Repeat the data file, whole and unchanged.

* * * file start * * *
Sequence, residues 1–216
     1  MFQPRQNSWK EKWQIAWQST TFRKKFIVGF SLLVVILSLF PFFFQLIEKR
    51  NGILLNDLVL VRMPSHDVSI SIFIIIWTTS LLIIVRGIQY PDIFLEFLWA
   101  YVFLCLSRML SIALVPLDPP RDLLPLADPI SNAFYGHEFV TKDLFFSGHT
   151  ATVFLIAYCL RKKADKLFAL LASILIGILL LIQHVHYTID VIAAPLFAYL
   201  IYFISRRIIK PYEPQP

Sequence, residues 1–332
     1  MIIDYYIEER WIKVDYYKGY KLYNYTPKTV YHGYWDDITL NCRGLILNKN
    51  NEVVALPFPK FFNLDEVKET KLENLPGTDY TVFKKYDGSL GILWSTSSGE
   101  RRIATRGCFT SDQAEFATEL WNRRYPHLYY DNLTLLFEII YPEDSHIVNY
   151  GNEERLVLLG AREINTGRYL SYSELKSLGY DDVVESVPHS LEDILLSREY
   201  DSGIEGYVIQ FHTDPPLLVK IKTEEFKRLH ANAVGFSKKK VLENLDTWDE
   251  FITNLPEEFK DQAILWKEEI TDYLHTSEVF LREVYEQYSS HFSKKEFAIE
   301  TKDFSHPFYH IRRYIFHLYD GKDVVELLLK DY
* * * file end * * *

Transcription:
Sequence, residues 1–216
     1  MFQPRQNSWK EKWQIAWQST TFRKKFIVGF SLLVVILSLF PFFFQLIEKR
    51  NGILLNDLVL VRMPSHDVSI SIFIIIWTTS LLIIVRGIQY PDIFLEFLWA
   101  YVFLCLSRML SIALVPLDPP RDLLPLADPI SNAFYGHEFV TKDLFFSGHT
   151  ATVFLIAYCL RKKADKLFAL LASILIGILL LIQHVHYTID VIAAPLFAYL
   201  IYFISRRIIK PYEPQP

Sequence, residues 1–332
     1  MIIDYYIEER WIKVDYYKGY KLYNYTPKTV YHGYWDDITL NCRGLILNKN
    51  NEVVALPFPK FFNLDEVKET KLENLPGTDY TVFKKYDGSL GILWSTSSGE
   101  RRIATRGCFT SDQAEFATEL WNRRYPHLYY DNLTLLFEII YPEDSHIVNY
   151  GNEERLVLLG AREINTGRYL SYSELKSLGY DDVVESVPHS LEDILLSREY
   201  DSGIEGYVIQ FHTDPPLLVK IKTEEFKRLH ANAVGFSKKK VLENLDTWDE
   251  FITNLPEEFK DQAILWKEEI TDYLHTSEVF LREVYEQYSS HFSKKEFAIE
   301  TKDFSHPFYH IRRYIFHLYD GKDVVELLLK DY